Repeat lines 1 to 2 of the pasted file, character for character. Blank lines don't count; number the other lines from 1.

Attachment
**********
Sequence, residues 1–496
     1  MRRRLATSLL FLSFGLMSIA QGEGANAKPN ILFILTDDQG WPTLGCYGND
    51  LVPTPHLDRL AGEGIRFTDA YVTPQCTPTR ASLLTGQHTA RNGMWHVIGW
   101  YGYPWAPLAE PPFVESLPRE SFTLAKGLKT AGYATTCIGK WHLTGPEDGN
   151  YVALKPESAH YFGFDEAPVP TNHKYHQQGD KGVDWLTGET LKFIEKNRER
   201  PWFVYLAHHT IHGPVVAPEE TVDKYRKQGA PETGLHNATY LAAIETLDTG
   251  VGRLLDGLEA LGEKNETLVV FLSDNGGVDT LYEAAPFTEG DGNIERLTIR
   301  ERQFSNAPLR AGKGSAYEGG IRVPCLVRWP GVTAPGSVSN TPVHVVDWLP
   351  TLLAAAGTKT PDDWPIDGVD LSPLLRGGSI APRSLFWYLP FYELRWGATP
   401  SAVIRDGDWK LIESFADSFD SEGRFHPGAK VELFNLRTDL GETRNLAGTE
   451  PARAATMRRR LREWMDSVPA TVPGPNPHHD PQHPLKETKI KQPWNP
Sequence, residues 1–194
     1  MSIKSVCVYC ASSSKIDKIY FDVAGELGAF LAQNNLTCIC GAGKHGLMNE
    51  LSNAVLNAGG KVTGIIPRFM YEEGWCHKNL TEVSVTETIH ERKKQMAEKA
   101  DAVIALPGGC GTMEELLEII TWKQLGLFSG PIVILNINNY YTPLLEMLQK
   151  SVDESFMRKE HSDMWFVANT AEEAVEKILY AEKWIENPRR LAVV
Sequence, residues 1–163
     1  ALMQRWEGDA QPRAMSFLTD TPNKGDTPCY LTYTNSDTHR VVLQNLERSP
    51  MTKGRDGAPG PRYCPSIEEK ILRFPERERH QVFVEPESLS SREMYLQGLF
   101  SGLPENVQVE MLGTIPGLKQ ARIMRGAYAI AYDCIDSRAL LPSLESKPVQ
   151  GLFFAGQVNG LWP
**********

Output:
Sequence, residues 1–496
     1  MRRRLATSLL FLSFGLMSIA QGEGANAKPN ILFILTDDQG WPTLGCYGND